Judges 17 – “Micah’s House of Worship”

Hebrew-English Text
I. Summary
Micah builds a house of worship and hires a young Levite to serve as his priest.

II. Photo
Micah builds a house of worship: “ Now the man Micah had a house of God; he had made an ephod and teraphim and he had inducted one of his sons to be his priest.” (v. 5)

III. Important Verses
1-2: There was a man in the hill country of Ephraim whose name was Micah. He said to his mother, “The eleven hundred shekels of silver that were taken from you, so that you uttered an imprecation which you repeated in my hearing — I have that silver; I took it.” “Blessed of the LORD be my son,” said his mother.
5: Now the man Micah had a house of God; he had made an ephod and teraphim and he had inducted one of his sons to be his priest.
6: In those days there was no king in Israel; every man did as he pleased.
13: “Now I know,” Micah told himself, “that the LORD will prosper me, since the Levite has become my priest.”

IV. Outline
1-5. Micah builds a beit ‘elohim “house of god(s)”
6. Political situation
7-13. Micah hires a Levite to serve as his priest

V. Comment
Chapter 17, which describes the beit ’elohim “house of god(s)” that Micah sets up, is an overture to the narrative of chapter 18. The beit ’elohim will eventually be robbed by the tribe of Dan as they build their new home in the city of Laish.

One of the more important verses in our chapter is v. 6: “In those days there was no king in Israel; every man did as he pleased.” Collins writes: “The last four chapters of the book of Judges are framed by statements that ‘in those days there was no king in Israel; all the people did what was right in their own eyes’ (17:6; 21:25). Reminders that ‘in those days there was no king in Israel’ are also interspersed in the intervening chapters. The stories suggest that when there was no king the society tended to disintegrate.” (213)

Verses 4-5 describes the beit ’elohim that Micah makes: “So when he gave the silver back to his mother, his mother took two hundred shekels of silver and gave it to a smith. He made of it a sculptured image (pesel) and a molten image (masseikha), which were kept in the house of Micah. Now the man Micah had a house of God; he had made an ephod and teraphim and he had inducted one of his sons to be his priest.” Sculpted idols and molten images are strictly forbidden elsewhere in the Hebrew Bible (for pesel see Ex 20:4; Lev 26:1; Deut 4:16, 23, etc.; for masseikha see Ex 34:17; Lev 19:4; Num 33:52, etc.). Yet, the ephod appears in many contexts. While the ephod was primarily a priestly garment, it was worn by certain non-priests besides David. Meyers writes: “Since the word ephod refers to a sacred vestment, most of the usages are in the priestly passages of the Pentateuch, mainly in the tabernacle texts of Exodus. However, other individuals involved in cultic activity—notably Gideon (Judg 8:27), the priest of Micah (Judg 17:5; 18:14, 17, 18, 20), Eli (1 Sam 14:3), Samuel (1 Sam 2:18, 28), and David or his priests (1 Sam 21:9; 22:18; 23:16; 30:7; 2 Sam 6:14; 1 Chr 15:27)—are associated with the ephod. In Hos 3:4 it is mentioned, along with the teraphim, independently of a priestly figure.” (“Ephod,” in Anchor Bible Dictionary, vol. II p. 550)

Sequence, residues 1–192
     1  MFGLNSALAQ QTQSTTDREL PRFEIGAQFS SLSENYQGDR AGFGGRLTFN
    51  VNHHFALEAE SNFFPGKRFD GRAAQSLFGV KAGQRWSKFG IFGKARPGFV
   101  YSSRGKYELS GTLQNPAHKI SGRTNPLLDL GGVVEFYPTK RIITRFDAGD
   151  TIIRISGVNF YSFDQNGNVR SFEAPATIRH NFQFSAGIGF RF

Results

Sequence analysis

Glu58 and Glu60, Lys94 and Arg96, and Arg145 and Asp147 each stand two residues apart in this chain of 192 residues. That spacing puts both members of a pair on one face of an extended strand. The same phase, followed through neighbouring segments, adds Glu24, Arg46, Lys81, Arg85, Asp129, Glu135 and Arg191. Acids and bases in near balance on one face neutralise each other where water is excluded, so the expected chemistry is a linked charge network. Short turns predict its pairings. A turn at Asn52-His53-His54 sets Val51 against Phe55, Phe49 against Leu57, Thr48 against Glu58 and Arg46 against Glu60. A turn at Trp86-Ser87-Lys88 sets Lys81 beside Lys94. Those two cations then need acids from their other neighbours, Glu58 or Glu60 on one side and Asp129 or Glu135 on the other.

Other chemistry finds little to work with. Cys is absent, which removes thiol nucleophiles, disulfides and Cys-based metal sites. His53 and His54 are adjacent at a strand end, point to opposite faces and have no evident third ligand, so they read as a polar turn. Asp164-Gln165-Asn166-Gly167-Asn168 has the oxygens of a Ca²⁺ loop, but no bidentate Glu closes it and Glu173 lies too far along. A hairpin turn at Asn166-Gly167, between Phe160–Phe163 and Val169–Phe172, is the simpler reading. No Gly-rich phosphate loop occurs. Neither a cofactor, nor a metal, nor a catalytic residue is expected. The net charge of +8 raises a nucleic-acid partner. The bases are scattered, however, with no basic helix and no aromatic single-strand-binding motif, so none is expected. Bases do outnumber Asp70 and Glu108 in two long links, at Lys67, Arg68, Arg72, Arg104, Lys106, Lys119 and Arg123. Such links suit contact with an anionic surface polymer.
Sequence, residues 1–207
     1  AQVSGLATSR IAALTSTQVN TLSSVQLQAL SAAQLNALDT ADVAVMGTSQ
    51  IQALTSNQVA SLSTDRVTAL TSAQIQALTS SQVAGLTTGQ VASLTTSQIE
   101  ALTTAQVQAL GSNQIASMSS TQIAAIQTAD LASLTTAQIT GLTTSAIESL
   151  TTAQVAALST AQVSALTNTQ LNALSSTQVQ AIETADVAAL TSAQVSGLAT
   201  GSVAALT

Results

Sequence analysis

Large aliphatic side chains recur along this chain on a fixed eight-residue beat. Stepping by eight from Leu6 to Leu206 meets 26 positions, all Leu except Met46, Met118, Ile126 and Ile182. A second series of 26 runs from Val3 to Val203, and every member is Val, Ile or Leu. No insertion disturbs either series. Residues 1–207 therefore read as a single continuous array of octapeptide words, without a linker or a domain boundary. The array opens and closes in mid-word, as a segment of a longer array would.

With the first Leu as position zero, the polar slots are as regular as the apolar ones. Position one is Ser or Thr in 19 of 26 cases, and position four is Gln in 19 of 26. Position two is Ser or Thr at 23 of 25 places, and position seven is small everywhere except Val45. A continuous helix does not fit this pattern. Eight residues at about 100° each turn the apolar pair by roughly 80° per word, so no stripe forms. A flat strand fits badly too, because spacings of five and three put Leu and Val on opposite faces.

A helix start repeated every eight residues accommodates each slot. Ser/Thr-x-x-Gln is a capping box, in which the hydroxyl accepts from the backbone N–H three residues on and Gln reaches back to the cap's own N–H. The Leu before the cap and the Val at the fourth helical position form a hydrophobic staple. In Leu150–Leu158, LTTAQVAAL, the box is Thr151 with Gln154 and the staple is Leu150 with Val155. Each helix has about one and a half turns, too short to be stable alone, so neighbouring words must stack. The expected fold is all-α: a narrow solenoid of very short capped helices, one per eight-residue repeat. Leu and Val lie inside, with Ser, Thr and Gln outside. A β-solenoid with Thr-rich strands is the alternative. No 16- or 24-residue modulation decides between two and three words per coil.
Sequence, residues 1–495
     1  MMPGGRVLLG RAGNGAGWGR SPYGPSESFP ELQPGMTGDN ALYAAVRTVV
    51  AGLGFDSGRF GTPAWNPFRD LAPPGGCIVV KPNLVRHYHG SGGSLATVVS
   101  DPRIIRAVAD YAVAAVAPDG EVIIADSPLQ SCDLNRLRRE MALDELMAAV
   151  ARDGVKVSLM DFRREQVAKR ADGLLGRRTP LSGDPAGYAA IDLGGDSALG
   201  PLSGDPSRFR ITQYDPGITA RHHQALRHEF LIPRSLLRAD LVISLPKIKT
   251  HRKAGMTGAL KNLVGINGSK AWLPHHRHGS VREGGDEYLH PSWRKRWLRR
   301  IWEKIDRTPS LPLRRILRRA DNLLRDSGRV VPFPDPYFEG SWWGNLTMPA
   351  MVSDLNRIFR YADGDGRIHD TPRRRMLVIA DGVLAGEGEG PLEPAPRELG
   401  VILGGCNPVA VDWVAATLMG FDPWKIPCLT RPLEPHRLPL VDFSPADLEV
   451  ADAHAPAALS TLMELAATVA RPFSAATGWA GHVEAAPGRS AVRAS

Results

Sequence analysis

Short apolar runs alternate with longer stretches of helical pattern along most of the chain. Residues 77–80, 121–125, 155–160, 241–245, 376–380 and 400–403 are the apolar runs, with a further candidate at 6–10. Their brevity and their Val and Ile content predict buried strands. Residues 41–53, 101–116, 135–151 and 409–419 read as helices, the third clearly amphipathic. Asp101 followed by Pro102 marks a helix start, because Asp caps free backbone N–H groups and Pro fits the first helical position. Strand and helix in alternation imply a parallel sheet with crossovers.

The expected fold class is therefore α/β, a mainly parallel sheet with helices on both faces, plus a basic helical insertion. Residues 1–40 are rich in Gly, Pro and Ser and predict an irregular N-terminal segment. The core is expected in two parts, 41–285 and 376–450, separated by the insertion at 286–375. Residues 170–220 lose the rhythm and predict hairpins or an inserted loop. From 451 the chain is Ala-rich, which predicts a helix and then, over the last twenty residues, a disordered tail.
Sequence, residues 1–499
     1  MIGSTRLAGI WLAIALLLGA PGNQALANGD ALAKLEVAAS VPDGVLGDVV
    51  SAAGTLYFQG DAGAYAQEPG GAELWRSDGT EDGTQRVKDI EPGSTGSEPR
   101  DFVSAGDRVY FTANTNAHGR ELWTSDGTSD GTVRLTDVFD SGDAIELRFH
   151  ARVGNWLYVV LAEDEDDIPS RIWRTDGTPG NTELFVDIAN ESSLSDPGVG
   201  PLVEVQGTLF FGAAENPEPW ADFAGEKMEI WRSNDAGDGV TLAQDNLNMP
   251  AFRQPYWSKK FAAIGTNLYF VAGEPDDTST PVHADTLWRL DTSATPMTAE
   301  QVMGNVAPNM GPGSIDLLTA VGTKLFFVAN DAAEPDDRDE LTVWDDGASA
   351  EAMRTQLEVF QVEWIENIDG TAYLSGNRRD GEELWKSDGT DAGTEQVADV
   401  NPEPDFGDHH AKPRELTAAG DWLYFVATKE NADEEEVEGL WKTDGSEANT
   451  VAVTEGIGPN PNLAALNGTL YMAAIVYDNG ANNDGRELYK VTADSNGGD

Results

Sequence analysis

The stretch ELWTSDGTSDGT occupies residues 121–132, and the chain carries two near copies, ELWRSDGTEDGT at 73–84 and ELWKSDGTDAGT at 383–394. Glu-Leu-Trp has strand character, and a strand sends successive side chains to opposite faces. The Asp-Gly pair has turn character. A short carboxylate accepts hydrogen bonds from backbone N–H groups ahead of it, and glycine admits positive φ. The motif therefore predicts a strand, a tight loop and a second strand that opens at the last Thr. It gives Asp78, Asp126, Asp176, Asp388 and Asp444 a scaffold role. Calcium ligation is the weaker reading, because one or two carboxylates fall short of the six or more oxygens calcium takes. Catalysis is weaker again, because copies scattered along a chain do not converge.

In regards to the teraphim, it is possible that they are the ’elohim in Micah’s house of ’elohim. Indeed, many scholars surmise that the ’elohim in Ex 22:7-8 means teraphim. Those verses read as follows: “If the thief is not found, the owner of the house shall be brought unto ha’elohim [in order to make it clear] that he did not send his hand against the other’s property. For all cases of transgression, for an ox, for an ass, for a sheep, for a garment, for any lost thing that he says “this is it,” the case of both of them shall come unto ha’elohim. He whom ‘elohim condemns shall pay back double to the other.” Support for this theory can be drawn from the equation of the teraphim with ’elohim in Gen 31:19, 30-32.

VI. Works Used
(see “Commentaries” page)
Trent C. Butler, “Judges” (Word Biblical Commentary vol. 8; Nashville: Nelson, 2009).
Collins, John J. “Introduction to the Hebrew Bible,” Word Biblical Commentary vol. 15 (Minneapolis: Fortress Press, 2004).
““Ephod,” in Anchor Bible Dictionary, vol. II p. 550
Photo taken from http://www.bibleplaces.com/images/Beersheba_four_horned_altar,_tbq110702.jpg

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